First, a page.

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8.553311 - LASSO: Lagrime di San Pietro
English 

Orlande de Lassus (Orlando di Lasso) (1532-1594)
Lagrime di San Pietro (Spiritual Madrigals: Tears of St Peter) (1594)

 

Orlando di Lasso was born in Flanders in 1532. A brilliant singer and apparently something of a musical prodigy, he had already performed throughout Sicily and Italy as a youth and was made choirmaster at the important Church of St. John Lateran in Rome when he was only 19. In 1556, however, he settled down in Munich as head of the ducal chapel at the court of Duke Albrecht V of Bavaria and his successor Wilhelm V, where he remained for the rest of his life. Lasso died in 1594.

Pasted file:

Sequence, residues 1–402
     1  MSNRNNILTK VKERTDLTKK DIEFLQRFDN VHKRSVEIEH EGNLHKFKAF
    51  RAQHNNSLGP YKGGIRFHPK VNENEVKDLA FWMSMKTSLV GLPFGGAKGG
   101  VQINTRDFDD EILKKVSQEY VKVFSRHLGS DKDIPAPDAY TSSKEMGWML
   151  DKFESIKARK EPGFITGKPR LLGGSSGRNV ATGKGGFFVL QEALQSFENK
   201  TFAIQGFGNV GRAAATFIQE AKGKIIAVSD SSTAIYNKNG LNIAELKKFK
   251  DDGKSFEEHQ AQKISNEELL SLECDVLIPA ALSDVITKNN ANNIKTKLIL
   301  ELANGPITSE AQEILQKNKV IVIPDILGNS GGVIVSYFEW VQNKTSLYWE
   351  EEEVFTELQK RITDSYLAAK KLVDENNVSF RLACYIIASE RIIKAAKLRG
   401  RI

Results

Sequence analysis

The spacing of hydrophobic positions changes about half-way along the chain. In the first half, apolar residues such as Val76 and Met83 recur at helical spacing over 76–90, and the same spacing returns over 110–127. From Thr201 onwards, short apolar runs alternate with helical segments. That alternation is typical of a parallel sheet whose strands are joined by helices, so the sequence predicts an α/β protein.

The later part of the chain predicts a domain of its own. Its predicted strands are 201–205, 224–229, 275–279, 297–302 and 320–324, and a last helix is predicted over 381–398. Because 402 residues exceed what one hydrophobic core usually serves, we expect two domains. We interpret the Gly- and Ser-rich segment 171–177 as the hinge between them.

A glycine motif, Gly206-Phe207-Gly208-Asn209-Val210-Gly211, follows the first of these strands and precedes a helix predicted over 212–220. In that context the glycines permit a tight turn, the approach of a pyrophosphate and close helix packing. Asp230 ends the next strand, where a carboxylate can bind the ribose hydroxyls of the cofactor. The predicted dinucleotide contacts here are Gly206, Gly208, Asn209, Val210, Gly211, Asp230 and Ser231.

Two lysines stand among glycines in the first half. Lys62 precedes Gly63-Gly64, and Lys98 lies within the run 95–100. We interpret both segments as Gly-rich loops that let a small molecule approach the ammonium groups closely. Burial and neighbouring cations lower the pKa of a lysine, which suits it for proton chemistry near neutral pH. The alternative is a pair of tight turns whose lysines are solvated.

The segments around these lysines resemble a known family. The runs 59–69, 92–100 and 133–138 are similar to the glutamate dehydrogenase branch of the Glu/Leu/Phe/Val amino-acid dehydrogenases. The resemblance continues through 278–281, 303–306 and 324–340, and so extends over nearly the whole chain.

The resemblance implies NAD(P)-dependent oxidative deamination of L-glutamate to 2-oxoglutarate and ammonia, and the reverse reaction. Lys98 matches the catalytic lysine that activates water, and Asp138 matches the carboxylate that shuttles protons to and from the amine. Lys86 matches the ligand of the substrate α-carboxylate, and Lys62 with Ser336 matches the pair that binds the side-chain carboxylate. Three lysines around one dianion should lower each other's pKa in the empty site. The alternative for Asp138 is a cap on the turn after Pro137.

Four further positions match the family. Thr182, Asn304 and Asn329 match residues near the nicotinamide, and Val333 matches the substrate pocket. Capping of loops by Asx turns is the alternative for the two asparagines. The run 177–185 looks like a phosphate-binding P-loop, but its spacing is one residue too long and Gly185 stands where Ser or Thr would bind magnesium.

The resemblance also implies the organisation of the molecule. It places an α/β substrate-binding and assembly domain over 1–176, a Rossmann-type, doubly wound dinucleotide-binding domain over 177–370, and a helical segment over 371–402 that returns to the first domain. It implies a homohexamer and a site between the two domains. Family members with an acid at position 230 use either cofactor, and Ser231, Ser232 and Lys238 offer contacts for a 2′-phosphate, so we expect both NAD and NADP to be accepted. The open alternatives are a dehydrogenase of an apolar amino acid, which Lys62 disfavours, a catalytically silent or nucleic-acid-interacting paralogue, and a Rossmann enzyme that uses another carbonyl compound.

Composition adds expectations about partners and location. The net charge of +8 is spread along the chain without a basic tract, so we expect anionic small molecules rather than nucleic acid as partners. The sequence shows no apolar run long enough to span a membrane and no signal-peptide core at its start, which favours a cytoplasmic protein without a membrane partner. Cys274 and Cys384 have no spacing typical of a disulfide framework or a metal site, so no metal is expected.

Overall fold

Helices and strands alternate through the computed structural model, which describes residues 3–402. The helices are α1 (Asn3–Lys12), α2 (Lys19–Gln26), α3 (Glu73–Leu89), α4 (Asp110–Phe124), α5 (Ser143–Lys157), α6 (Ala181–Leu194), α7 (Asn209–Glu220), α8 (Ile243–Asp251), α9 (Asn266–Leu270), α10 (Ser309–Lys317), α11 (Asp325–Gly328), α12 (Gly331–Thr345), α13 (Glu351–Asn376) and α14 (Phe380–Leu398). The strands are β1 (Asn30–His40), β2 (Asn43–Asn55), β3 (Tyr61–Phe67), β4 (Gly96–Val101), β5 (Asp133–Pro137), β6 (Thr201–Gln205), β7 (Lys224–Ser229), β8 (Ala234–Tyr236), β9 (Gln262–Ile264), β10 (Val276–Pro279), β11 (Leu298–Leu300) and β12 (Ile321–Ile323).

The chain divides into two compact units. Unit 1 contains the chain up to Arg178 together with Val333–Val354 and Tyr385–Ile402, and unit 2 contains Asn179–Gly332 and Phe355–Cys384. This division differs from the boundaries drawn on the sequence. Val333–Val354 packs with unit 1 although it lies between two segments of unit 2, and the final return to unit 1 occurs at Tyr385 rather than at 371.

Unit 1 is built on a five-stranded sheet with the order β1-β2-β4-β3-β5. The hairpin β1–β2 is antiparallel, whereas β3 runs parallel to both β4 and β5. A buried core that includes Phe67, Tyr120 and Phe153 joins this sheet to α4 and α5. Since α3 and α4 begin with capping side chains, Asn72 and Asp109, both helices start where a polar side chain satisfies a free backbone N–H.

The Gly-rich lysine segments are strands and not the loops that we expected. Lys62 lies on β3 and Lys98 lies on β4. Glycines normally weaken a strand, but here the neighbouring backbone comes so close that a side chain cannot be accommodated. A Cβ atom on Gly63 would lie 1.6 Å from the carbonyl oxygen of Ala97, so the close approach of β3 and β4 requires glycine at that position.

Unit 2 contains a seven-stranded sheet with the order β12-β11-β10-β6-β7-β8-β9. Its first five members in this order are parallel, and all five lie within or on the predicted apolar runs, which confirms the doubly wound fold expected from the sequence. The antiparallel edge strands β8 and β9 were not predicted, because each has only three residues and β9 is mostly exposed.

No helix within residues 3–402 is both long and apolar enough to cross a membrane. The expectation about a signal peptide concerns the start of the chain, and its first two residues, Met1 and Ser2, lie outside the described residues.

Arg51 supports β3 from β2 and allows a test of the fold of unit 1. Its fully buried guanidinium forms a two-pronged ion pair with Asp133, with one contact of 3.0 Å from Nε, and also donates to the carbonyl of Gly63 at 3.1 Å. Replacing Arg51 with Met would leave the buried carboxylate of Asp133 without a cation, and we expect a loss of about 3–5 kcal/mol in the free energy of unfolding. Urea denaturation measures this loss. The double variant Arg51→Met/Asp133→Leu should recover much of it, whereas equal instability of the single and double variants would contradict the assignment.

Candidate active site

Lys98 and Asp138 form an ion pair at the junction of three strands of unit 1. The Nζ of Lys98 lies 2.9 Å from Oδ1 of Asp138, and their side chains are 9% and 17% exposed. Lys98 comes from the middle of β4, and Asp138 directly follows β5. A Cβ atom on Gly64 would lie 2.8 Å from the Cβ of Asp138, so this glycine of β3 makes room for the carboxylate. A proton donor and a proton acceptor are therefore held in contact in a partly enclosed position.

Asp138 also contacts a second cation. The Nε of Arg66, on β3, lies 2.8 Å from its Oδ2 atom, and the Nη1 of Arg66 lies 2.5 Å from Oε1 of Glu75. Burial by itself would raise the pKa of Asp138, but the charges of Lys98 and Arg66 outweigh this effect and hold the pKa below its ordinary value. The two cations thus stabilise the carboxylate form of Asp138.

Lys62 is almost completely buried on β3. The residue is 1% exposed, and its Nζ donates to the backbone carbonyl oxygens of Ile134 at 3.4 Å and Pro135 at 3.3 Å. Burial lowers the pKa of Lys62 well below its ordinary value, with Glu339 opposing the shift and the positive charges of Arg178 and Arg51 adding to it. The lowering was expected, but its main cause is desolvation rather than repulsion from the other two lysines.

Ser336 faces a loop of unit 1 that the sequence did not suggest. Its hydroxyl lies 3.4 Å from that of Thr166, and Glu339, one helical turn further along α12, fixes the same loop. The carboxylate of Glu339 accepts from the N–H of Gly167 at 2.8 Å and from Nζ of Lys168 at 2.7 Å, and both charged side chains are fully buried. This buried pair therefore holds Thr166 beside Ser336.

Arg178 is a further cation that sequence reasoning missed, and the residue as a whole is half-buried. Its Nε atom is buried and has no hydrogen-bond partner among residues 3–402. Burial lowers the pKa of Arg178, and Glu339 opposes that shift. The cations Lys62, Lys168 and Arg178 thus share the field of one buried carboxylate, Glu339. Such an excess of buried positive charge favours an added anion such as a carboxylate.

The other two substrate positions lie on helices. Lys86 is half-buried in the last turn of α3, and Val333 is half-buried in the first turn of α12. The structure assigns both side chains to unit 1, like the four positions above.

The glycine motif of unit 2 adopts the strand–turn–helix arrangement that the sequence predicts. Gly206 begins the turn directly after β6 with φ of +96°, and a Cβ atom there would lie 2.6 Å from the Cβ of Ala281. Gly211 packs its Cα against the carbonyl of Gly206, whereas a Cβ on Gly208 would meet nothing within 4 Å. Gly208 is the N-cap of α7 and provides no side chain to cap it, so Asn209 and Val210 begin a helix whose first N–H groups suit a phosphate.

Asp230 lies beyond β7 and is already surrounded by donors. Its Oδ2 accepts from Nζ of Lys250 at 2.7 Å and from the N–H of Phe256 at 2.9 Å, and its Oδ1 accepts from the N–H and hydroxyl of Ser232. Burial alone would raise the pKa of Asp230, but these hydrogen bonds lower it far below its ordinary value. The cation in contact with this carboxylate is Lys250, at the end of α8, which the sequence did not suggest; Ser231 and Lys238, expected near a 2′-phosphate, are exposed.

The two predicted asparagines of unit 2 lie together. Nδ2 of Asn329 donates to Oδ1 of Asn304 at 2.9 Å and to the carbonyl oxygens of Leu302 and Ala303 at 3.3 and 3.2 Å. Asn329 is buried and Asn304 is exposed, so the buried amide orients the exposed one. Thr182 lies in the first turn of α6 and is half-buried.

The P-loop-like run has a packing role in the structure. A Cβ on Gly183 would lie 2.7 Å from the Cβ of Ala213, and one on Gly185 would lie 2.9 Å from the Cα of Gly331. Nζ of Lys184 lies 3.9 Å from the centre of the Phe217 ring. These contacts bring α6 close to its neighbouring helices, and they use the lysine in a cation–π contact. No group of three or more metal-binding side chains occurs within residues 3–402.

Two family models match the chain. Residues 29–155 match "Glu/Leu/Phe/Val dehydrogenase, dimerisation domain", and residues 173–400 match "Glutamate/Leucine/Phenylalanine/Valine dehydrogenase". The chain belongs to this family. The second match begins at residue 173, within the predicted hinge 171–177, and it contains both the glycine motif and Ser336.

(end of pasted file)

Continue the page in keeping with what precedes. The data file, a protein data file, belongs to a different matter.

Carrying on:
Lasso was one of the most prolific and versatile composers of the 16th century, composing in all of the sacred and secular forms of the time (masses, motets, madrigals, frottole, villanelle, chansons and Lieder). This period saw the flowering of music printing, and at least one of Lasso’s compositions appears in one half of all the music printed between 1555 and the time of his death. Although attached to a court in Germany, he travelled frequently and was in great demand throughout Europe, setting texts in five languages. His international prestige is reflected in the spelling of his name in the publications of his works: Orlando Lasso, Orlandus Lassus, Orlando di Lasso and Roland de Lassus. Lasso is also one of the few composers of the Renaissance who left any significant body of correspondence. A group of letters to Duke Wilhelm, written often in several languages at once, reveals a person with a lively sense of humour and a warm relationship with his patron.